I’ve been using iMovie a lot recently and working through some of the minor challenges it presents. The program is simple in some ways, but that simplicity creates limitations and confusion for tasks that might otherwise be easy… if things weren’t so streamlined.
Normally when I’m going to import video into iMovie I just plug in my Canon Digital ELPH via USB and iPhoto automatically popus up, I then import all of the images and video and voila! They appear in iMovie under Macintosh HD > iPhoto Videos. Note, I sometimes have to start iMovie after iPhoto or close and then re-open it in order to see the latest iPhoto videos. I can tell it has new content to load when it asks “do you want to create thumbnails now” upon opening the program. So remember, if you aren’t seeing your iPhoto videos or images in iMovie, just restart iMovie.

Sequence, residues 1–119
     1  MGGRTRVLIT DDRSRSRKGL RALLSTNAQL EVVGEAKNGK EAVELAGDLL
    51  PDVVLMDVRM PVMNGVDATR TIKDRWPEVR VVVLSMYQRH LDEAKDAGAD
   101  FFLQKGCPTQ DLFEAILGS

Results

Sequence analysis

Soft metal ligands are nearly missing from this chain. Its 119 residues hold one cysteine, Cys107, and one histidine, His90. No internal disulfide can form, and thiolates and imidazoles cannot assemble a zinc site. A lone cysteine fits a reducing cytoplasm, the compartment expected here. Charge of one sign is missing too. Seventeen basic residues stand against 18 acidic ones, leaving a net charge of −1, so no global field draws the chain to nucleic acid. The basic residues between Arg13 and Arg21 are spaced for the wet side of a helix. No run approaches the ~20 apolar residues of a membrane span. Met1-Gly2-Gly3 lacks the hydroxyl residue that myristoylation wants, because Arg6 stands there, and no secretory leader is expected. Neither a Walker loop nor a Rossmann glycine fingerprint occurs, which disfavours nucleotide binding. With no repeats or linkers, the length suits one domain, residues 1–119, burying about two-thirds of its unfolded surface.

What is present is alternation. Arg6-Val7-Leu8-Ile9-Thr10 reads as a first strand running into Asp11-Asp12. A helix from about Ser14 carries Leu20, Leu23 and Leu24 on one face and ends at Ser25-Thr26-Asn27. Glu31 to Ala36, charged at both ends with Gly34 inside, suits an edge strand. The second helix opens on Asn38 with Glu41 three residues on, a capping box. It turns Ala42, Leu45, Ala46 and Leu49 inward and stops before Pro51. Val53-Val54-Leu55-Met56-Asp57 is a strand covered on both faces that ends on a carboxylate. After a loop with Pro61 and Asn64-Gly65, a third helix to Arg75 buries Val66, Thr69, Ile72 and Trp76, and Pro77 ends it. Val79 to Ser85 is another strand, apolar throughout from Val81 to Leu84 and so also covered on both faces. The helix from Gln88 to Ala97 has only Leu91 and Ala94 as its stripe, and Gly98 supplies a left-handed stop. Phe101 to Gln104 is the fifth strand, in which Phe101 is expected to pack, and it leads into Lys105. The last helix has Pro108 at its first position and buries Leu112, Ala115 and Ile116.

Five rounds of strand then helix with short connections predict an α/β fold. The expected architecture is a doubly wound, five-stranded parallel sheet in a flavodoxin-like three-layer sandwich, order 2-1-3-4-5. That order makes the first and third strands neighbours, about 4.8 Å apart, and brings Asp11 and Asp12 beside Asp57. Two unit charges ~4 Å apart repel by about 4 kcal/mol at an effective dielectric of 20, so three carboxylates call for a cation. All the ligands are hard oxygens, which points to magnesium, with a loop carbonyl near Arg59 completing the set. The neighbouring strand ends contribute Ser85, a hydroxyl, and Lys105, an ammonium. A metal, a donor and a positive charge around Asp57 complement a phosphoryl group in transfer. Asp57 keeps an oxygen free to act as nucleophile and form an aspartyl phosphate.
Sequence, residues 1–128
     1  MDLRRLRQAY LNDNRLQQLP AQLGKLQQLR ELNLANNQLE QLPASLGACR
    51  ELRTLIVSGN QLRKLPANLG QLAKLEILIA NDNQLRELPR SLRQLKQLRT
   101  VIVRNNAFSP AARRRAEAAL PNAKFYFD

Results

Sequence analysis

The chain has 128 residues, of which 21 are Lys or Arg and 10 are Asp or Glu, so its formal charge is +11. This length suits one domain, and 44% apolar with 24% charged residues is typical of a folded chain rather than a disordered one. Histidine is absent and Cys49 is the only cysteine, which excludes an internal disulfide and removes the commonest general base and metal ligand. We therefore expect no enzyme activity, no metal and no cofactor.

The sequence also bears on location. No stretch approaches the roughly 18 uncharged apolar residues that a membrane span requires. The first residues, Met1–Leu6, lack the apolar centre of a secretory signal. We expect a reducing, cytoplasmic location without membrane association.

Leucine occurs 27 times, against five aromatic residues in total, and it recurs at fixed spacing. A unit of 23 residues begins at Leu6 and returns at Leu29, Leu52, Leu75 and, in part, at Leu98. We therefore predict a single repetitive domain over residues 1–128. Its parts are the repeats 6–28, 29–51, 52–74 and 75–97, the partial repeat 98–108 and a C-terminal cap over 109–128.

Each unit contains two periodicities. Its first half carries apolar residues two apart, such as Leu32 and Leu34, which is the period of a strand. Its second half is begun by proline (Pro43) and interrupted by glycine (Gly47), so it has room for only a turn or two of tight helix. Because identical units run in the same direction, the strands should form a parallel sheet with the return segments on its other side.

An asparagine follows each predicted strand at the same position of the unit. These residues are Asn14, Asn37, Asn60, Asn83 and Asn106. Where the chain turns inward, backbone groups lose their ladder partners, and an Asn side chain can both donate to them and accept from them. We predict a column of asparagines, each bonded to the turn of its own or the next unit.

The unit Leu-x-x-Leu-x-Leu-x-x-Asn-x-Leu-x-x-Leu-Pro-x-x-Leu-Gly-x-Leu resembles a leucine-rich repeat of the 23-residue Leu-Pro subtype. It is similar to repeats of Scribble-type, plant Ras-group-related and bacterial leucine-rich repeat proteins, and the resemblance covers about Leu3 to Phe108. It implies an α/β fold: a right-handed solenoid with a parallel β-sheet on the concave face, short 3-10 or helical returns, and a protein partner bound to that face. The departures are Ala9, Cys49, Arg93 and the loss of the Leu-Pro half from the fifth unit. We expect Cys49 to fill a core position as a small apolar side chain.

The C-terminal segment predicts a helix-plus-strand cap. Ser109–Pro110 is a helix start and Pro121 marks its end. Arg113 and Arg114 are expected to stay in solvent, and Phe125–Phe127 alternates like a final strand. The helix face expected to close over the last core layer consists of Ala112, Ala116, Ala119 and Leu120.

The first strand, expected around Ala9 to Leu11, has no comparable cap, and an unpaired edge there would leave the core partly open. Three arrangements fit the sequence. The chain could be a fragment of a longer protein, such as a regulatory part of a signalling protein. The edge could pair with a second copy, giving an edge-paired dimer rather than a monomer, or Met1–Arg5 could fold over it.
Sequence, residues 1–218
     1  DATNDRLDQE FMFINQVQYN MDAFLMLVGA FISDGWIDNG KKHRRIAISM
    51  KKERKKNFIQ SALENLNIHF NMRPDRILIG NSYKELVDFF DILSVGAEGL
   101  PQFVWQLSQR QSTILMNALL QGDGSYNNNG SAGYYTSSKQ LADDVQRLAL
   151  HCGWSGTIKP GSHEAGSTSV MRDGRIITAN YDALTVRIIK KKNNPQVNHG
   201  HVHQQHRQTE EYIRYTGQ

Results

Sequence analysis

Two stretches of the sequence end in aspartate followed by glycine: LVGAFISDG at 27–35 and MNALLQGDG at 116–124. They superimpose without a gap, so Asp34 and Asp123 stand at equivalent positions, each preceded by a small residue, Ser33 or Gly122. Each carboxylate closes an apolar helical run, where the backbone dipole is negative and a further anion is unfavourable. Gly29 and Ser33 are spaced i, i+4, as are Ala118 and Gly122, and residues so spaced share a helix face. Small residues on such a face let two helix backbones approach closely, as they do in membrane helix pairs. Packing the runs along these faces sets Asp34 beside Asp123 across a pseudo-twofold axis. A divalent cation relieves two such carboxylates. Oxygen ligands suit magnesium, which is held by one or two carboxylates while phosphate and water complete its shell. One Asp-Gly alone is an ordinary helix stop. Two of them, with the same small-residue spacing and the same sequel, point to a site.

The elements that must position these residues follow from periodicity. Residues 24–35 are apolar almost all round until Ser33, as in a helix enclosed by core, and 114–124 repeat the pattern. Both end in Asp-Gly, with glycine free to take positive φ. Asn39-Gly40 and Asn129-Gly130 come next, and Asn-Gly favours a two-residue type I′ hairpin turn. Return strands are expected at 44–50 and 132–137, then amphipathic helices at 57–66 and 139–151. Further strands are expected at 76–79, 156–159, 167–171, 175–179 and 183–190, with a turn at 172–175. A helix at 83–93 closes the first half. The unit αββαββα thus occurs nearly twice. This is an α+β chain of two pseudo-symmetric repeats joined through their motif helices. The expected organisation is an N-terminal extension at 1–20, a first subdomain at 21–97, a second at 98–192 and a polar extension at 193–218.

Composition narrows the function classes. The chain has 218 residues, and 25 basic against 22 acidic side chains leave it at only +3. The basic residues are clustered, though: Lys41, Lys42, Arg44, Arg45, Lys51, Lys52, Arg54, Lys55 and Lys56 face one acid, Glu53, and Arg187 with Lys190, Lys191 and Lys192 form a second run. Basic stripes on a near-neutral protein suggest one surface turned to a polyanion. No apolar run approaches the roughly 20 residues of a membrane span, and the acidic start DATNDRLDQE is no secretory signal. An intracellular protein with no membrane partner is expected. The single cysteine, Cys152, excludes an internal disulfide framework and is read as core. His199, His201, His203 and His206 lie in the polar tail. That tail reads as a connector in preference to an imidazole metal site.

I’ve found that iPhoto is really the best way to get videos into iMovie, even when you have to drag and drop clips directly into iPhoto, which adds an extra step. I do this whenever I take video screenshots using Snapz Pro X. This program is great for building video tutorials where you need to record your computer screen like this tutorial example. Once you’ve captured the footage however, Snapz simply renders a .mov file and places it right on your desktop. For some reason you can’t drag and drop the footage directly into iMovie so the first step is to put it into iPhoto.
Eventually with all of these video snippets going into iPhoto you might want to delete some of the old footage. Remember that when you delete images, videos or events in iPhoto you still need to empty the trash can in the program to actually free up space… I usually then also go to Finder > Secure Empty Trash… on my desktop to free up my hard drive. Also make sure to have external hard drives plugged in when you empty your computer trash because in doing so the computer will empty items you’ve deleted on those external drives, hence freeing up more space.